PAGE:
All clinics were dispensing soft and cosmetic contact lens. A high popularity of soft CL was also noted in other studies. 88% of the dispensed lenses in Hong Kong, and 93% of lenses in Australia were of soft variety. [7],[8] Facilities and resources that are essential for a standard CL practice were not met in the study area. The MOH has proposed the minimum requirements for a standard CL clinic in Oman. (Al Raisi A. 3 rd Contact Lens Conference, Muscat, Oman, May 2007). We believe that confirmation of these standards by experts from cornea and CL subspecialties at the tertiary level hospitals in Muscat, Oman establishment of policies for CL practice in Oman would be beneficial. Periodic supervision could strengthen the eye care of CL wearers.

Since their introduction, the most significant complication of wearing soft CLs has been the development of vision-threatening microbial keratitis. [9] Complications due to the misuse of CLs can have disastrous consequences on CL wearers. [10] A CL practitioner should be able to identify early signs of corneal complications of CL. For this, a bio-microscope is an essential. Proper counseling and prompt reference of such cases to an ophthalmologist at an early stage can prevent sight-threatening complications. We recommend adverse event notification should be established for serious corneal complications of CLs within 24 hours. There should be a follow-up of such notified cases and the attending clinician should prepare a report based on the action taken.

Irregular and high astigmatism are mainly corrected by CLs. Information on these issues will enable to determine proportion of CL practice for therapeutic purpose and for cosmetic purpose. Keratoconus is very common in the children in Oman. There are 256 cases registered in a tertiary eye unit of Oman with keratoconus as principal diagnosis (Personal communication, Dept of Ophthalmology, Al Nahdha Hospital). These children will either need keratoplasty or toric CLs.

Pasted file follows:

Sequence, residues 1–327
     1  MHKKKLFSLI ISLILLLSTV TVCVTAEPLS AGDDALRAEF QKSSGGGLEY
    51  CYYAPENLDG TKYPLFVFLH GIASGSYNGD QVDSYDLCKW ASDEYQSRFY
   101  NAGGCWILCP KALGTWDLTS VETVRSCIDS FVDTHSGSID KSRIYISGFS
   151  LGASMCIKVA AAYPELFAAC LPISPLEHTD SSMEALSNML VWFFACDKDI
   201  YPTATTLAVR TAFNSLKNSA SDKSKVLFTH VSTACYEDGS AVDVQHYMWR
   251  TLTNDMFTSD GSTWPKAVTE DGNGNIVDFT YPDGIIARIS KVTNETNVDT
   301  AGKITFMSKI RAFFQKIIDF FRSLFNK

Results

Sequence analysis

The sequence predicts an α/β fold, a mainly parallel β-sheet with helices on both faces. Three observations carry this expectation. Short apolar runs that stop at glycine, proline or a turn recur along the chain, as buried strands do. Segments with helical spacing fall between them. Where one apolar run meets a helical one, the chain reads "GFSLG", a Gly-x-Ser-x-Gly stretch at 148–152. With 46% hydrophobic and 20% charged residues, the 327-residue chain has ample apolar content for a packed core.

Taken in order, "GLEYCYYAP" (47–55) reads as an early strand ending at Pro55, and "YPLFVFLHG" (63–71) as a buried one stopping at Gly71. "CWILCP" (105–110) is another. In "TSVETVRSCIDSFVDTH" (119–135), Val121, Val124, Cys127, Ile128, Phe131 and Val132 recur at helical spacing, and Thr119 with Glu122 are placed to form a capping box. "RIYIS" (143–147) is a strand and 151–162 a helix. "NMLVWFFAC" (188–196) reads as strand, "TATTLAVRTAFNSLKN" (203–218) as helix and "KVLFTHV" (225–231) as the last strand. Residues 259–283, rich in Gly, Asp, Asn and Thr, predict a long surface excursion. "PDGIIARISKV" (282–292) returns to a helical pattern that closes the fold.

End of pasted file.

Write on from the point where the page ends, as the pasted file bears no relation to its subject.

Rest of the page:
In establishing the liability of CL practitioner for negligence, the courts have applied the same standard of care that is imposed upon other health care professionals, holding that the optometrists must employ a certain degree of skill, care, and learning that is ordinarily exhibited by members of the profession who are in good standing. [11],[12] Legal liability pertaining to complications of CLs is a serious issue and we found that the practitioners in Oman were not fully aware about it. The lens providers and customers do not sign legal contract. A standard legal document is routinely used and is strongly recommended by the American Optometry Association (AOA). [13] Contact lens practitioners should observe legal guidelines to minimize the risk of injury to their patients and to reduce the opportunity for litigation.[14]

Disposable and planned replacement lenses have become increasingly popular options for CL wearers. Cosmetic lenses could be sold as cosmetic devices in boutiques. Hence, Farkas has strongly suggested that optometrists devise management strategies to avoid problems that are caused by the use of these lenses. [15] However, quality control of such lenses and resulting eye complications will be difficult to supervise. Declaring CL as medical device which could be prescribed only by qualified persons is recommended in Oman to address this problem.


   Conclusions Top